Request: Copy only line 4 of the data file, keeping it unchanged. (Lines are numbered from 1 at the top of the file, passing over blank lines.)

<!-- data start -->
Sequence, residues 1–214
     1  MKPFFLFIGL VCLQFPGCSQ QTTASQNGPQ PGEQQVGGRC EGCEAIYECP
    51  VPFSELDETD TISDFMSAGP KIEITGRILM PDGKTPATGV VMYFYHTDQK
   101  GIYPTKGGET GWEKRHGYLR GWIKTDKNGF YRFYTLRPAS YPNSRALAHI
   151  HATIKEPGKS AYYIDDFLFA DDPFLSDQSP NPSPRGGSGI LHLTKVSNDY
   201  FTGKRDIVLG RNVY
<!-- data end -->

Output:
   101  GIYPTKGGET GWEKRHGYLR GWIKTDKNGF YRFYTLRPAS YPNSRALAHI